Today, we will be talking about the leopard shark (Triakis semifasciata).
"Hold up. How can we tell the difference?"
Between the two sharks? Easy. The leopard catshark is only found in South Africa. The leopard shark is only found off the coast of California up to Oregon/Washington.
"Oh. Well, that was easy. Wait... how do I tell those two apart?"
The genus Triakis is from the Greek word "triakis," meaning "three pointed," like their three pointed teeth; the species name semifasciata means "half-banded," such as the distinctive bands on this shark. They are a relatively small animal, only getting up to 2.13 m (7 ft) with most being no larger than 1.83 m (6 ft). Their short snout contains tooth sets that overlap different tooth rows. This allows for a flat, ridged area that normally catches invertebrates and small fish. They are dark-grey with dark brown/olive/black saddles and spots, and a lighter ventral side. The leopard shark is sometimes mistaken for the swell shark (Cephaloscyllium ventriosum), however they have flatter heads and are a reddish-brown.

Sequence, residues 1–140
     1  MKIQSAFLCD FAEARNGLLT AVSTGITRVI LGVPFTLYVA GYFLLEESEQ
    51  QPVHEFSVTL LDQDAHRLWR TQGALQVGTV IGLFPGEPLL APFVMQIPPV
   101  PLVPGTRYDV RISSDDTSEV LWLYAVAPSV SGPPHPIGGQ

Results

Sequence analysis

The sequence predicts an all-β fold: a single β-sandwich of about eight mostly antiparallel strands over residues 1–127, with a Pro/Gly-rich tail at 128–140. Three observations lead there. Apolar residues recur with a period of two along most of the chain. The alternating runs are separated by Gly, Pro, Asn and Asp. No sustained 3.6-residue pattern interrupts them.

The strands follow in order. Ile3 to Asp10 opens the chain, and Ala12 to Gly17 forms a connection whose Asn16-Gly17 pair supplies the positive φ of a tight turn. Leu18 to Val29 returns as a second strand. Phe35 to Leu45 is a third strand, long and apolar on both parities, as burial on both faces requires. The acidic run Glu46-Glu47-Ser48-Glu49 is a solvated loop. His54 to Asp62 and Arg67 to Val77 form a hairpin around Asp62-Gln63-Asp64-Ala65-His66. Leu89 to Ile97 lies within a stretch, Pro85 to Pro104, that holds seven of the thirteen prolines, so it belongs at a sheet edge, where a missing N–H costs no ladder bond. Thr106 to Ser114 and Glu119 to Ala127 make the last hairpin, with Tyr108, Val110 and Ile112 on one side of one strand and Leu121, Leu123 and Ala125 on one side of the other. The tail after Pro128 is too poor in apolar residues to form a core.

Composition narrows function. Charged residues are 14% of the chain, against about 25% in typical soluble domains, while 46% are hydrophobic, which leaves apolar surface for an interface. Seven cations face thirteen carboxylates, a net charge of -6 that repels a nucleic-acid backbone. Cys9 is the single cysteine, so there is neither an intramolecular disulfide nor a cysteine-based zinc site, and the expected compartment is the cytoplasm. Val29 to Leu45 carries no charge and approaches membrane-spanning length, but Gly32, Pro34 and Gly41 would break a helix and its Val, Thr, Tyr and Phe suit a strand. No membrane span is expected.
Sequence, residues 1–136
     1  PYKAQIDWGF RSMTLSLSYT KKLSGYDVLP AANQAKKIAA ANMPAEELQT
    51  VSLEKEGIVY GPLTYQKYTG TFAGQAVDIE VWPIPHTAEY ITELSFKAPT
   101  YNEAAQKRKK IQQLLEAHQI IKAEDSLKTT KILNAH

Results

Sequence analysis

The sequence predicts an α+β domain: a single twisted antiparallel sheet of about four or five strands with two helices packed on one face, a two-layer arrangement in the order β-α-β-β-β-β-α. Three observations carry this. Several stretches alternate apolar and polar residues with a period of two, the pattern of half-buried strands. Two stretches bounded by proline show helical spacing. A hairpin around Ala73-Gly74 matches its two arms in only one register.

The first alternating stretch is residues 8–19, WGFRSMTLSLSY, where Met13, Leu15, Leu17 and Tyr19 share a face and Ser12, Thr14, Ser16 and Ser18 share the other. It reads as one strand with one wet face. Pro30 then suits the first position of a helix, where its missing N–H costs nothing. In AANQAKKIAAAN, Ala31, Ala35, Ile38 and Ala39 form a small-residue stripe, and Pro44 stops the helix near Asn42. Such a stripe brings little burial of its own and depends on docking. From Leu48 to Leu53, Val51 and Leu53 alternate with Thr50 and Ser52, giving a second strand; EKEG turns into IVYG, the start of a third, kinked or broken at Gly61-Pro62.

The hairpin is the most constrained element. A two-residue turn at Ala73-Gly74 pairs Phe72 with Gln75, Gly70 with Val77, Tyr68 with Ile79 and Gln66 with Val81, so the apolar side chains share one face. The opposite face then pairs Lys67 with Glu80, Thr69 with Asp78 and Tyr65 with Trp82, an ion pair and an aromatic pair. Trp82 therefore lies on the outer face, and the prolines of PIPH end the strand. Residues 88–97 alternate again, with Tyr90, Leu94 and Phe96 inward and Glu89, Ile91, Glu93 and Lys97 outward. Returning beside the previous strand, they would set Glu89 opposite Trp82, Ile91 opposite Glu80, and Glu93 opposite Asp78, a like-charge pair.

This strong swimmer is often found in schools, along with brown smooth-hounds (Mustelus henlei), gray smooth-hounds (Mustelus californicus), and spiny dogfish (Squalus acanthias). This may help them avoid predators, such as larger sharks.
Female leopard sharks are ovoviviparous, having a gestation period of about 10-12 months, with litters of 4-33 pups being born between April/May.
This shark has only one report of a "shark encounter" between a leopard shark and a human. However, no bite was involved, according to the International Shark Attack File.
Due to their slow maturity/growth rate, low reproduction rate and potential overfishing, these sharks may be in trouble. However, the shark is not currently listed as an endangered or threatened species, and is listed as "Least Concern" by the IUCN.